There are a vast array of factors to consider when deciding to open a position in the market, including which stock to buy, how much to invest, at what price point to enter the position etc., but none of that is possible in the first place if you don’t know when you are able to enter.
Much like any business or organization you can think of, the stock market too has its own schedule, which is important to be familiar with if you intend on operating in it. The two main factors to consider in this regard are operational hours and total trading days.
In this short guide, we will be focusing primarily on the London Stock Exchange (LSE) and the New York Stock Exchange (NYSE), two of the most prominent in Europe and North America respectively. Keep in mind that the schedules of other stock exchanges may vary from these two.
Learn the Schedule of Your Market
The first thing to note, before getting into the trading day calendar and market holidays, are the opening and closing hours of the market. Starting in the East, the NYSE opens daily Monday to Friday at 9:00 AM and remains open until 4:00 PM*. Conversely, the LSE opens a bit earlier, at 7:00 AM and is operational until 3:35 PM*.
These time frames are generally fairly similar between markets worldwide, but it is still important to take note of each and be aware of those of your chosen market in order to operate successfully.
Understand How Market Holidays are Recognized
Moving on from the daily schedule, the next important question to tackle is, how many trading days are there? Well, this depends greatly on where you are trading, as market holidays can vary quite a bit between countries. Below you will find a chart comparing the different market holidays observed by the LSE and the NYSE in the year 2020.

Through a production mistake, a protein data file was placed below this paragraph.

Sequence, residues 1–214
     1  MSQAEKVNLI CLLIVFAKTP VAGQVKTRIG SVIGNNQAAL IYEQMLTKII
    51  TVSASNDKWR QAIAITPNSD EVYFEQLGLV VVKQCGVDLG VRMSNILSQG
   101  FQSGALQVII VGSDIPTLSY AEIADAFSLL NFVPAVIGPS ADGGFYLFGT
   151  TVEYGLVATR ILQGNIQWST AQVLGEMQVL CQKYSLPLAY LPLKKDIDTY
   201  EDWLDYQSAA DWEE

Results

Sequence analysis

|New Year’s Day||January 1, 2020||Closed||Closed|
|MLK Jr. Day||January 20, 2020||Open||Closed|
|Presidents’ Day||February 17, 2020||Open||Closed|
|Good Friday||April 10, 2020||Closed||Closed|
|Easter Monday||April 13, 2020||Closed||Open|
|Bank Holiday||May 8, 2020||Closed||Open|
|May 25, 2020||Closed||Closed|
|Independence Day||July 3, 2020||Open||Closed|
|Bank Holiday||August 31, 2020||Closed||Open|
|Labor Day||September 7, 2020||Open||Closed|
|Thanksgiving Day||November 26||Open||Open; 9AM – 1PM*|
|Christmas Eve||December 24, 2020||Open; 8AM – 12:30PM*||Open|
|Christmas Day||December 25, 2020||Closed||Open; 9AM – 1PM*|
|Boxing Day||December 28, 2020||Closed||Open|
|New Year’s Eve||December 31, 2020||Open; 8AM – 12:30PM*||Open|
An important thing to note when discussing market holidays is that the date we take into account is not necessarily the day the actual holiday falls on but the observed date of the holiday for the market. This dissonance often comes as a result of holidays falling on weekends, in which case the observed date of the market holiday would normally become the next available business day. As you can see in the chart, Boxing Day, which is celebrated on December 26th in the UK, will not take effect as a market holiday until December 28th as a result of the actual holiday falling on a Saturday.
While it may seem like common knowledge, overlooking some simple factors such as which holidays are observed in which markets, or which dates the observed market holidays fall on could result in miscalculations that put your operations at risk. Always make sure you are knowledgeable about the market you are operating in and how it adjusts for different holidays in order to maximize what you get out of your available trading days.
*Please note that times are listed in reference to the local time of the respective stock exchange; New York (GMT -4), London (GMT -1)